The “Academics for Peace Initiative” has been facing a series of government investigations and threats after publishing their declaration on January 10 entitled “We Won’t Be Partners in This Crime!”
The Declaration collected the signatures of 1128 Turkish and International academics from 89 universities and addressed the Turkish Republic stating “you have condemned many of your own citizens in Sur, Silvan, Nusaybin, Silopi, Cizre and the surrounding regions to hunger and thirst as a result of the weeks-long curfews” and “violated their rights to life, freedom and security.”
The Declaration, which included the signatures of internationally known academics Noam Chomsky, Judith Butler, Etienne Balibar and David Harvey, called on the government to “immediately halt its politics of division and the massacre against the people and especially the Kurdish people of the region” and “prepare conditions for a negotiation that will lead to a sustainable peace with the input of Kurdish political leaders.”
The curfews and violence discussed in the declaration refer to the violent clashes ongoing in Turkey’s East since the peace process broke down in July. The clashes have been primarily between Turkish forces and the armed members of the outlawed Kurdistan Worker’s Party (PKK), claiming many civilian lives in the process.
Shortly after the release of the declaration, the “Academics for Peace” Group received immediate condemnation from the government and many government-linked media outlets.
Responding to the academic declaration, president Erdoğan stated “They say the rights of citizens are being violated. Yes, because of terrorist operations the rights and freedoms of millions of our citizens in the region are being violated. And the violators are the terrorists.”
Referring to the academics as “counterfeit intellectuals,” the President continued, “I’ll leave aside those academics whose names belong to us but whose mindset is completely foreign to us. I have an offer for the foreigner academics. Let them come to Turkey. Let them see from A to Z what is happening in every region, we are fully ready to explain it all to them.”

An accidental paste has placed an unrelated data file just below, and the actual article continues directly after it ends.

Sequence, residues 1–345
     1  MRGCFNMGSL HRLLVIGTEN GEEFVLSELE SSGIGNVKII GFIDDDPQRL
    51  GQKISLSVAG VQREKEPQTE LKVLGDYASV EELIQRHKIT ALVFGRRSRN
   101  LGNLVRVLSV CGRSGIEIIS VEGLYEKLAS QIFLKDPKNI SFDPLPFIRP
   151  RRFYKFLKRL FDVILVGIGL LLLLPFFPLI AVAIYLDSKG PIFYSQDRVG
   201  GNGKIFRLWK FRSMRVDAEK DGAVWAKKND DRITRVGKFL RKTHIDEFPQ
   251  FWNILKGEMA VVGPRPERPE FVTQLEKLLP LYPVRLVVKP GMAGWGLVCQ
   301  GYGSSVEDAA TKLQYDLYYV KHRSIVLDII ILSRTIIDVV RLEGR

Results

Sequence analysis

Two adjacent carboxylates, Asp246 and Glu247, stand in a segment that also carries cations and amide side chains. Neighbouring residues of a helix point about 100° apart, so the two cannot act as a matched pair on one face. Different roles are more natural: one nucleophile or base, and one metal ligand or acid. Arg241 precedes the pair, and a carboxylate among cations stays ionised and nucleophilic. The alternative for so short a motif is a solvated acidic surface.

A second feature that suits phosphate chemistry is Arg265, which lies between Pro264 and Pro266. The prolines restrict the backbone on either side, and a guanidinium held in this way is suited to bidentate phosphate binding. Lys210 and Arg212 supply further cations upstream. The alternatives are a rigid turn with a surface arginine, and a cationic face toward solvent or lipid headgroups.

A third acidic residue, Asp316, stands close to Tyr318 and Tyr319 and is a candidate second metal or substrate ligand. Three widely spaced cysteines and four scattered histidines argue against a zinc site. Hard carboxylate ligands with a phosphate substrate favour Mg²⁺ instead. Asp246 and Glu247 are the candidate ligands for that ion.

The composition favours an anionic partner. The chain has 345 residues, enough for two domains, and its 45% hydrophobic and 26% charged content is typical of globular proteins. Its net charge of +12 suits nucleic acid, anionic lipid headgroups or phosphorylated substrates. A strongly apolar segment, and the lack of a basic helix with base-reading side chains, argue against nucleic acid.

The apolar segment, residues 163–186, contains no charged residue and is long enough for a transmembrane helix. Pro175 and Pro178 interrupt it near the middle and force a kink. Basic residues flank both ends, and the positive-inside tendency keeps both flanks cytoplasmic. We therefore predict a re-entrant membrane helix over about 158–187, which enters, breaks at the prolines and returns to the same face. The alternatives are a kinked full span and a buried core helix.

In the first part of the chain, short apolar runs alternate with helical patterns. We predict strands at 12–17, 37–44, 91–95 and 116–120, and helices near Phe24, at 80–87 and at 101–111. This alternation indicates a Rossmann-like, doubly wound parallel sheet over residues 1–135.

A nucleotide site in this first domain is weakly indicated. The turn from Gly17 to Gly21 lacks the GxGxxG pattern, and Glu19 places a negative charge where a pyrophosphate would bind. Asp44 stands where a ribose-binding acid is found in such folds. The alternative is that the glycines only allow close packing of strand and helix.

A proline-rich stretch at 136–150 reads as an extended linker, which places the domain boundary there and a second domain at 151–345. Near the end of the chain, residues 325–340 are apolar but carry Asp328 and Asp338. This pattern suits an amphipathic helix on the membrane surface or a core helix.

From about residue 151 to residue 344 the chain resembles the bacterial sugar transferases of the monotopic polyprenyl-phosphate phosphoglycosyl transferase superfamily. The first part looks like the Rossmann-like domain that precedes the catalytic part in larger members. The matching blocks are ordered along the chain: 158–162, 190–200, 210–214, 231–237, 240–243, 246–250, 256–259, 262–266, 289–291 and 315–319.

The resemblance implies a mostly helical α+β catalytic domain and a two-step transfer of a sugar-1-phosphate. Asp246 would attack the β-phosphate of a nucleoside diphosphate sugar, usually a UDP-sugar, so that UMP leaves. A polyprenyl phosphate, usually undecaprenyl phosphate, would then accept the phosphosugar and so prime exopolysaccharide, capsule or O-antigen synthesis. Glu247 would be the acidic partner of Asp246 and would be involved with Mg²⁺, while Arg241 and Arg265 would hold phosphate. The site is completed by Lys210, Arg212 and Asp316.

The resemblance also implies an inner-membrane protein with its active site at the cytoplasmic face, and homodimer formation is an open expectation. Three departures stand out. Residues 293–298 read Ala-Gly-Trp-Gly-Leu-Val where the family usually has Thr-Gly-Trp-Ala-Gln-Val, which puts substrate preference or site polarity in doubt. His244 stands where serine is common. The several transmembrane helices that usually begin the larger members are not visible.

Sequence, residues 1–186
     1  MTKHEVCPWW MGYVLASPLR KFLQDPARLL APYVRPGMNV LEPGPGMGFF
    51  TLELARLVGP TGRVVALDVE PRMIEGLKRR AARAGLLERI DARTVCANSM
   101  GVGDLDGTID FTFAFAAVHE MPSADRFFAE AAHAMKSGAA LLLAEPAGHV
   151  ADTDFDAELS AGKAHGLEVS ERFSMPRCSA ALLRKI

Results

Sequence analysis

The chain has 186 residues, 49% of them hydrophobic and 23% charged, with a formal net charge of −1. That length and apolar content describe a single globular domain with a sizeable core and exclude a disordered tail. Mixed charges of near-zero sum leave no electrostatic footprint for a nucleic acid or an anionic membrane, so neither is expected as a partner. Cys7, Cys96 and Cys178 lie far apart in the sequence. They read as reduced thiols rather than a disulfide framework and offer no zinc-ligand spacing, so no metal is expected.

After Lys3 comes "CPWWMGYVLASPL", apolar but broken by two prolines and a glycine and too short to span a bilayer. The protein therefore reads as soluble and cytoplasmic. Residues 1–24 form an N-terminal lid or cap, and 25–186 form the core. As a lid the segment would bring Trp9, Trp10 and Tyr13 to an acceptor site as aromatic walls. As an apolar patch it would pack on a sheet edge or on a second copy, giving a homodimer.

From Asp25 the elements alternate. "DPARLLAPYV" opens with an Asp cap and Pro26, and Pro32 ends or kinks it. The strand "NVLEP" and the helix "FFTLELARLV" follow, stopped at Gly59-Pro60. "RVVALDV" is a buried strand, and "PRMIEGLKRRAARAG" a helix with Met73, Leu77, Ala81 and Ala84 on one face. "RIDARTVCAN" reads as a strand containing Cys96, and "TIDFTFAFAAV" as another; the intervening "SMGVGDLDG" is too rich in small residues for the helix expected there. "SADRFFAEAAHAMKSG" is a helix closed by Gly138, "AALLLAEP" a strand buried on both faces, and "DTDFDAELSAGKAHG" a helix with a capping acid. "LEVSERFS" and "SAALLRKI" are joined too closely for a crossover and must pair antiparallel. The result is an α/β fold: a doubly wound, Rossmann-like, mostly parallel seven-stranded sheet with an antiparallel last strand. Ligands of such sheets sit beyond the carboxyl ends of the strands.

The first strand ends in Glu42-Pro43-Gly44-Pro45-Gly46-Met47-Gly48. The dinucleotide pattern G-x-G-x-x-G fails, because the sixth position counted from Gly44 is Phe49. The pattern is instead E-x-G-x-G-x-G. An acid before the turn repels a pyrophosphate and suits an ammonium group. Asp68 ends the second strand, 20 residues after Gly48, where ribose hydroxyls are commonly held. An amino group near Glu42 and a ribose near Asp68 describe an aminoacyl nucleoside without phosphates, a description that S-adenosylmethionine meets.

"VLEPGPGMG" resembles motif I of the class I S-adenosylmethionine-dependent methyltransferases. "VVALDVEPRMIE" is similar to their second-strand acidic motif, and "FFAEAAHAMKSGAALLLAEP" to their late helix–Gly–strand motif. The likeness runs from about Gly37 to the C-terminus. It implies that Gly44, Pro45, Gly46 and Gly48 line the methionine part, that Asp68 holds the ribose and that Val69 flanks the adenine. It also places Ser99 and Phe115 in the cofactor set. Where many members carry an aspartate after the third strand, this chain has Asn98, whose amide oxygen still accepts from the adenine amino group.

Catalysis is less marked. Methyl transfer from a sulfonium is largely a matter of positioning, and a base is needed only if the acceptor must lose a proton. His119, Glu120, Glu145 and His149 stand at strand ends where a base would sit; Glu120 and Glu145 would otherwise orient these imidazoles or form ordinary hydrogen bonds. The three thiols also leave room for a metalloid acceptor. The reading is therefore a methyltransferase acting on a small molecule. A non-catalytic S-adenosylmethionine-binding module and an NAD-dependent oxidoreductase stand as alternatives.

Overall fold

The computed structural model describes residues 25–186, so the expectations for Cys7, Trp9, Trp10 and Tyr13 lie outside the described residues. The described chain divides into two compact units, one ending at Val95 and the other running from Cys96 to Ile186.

President Erdoğan concluded with a strong condemnation, claiming that “You either stand with the state or you stand on the side of the terrorist organization.”
Days after the release of the declaration, the Istanbul Republic Attorney General launched an investigation on those academics that signed the declaration as potentially guilty of Article 301 of the Turkish Penal code. Alongside Article 301- which deals with the crimes of “overtly degrading the Turkish Republic, Parliament, Government, and Justice Institutions”- Article 7 of the Anti-terrorist Law was invoked, for the crime of “spreading terrorist propaganda.”
On January 15, a wide-scale police operation across several provinces brought 28 of the academics who signed the declaration into custody, some of whom were detained from their homes. Most were released the same day after giving statements.
A number of the academics have also faced repercussions in their professional lives, with several being fired from their positions and many facing disciplinary action and administration investigations conducted by their associated universities.
In addition to official investigations and condemnations, the Group has also faced a series of threats and intimidations. At several universities in the provinces of Ankara, Konya, Kocaeli and Kırrıkale, the doors of professors who signed the declaration were marked with condemning messages such as “We don’t want Betül Yarar, the PKK supporter, at our University!”
The infamous organized crime leader Sedat Peker also released a chilling threat from his website aimed at the “Academics for Peace” vowing that “we will bleed you and take a shower in your flowing blood.”
Despite the barrage of threats and investigations targeting the “Academics for Peace” Group, the Group has also received an outpouring of support from Student Groups, Feminist Groups, Film, Journalism, and Theatre Gilds, Alevi Religious Groups, and a host of International Academics. At Kocaeli University, students responded to the hate messages on their professor’s door with a message of support: “OUR PROFESSOR YÜCEL IS NOT ALONE.”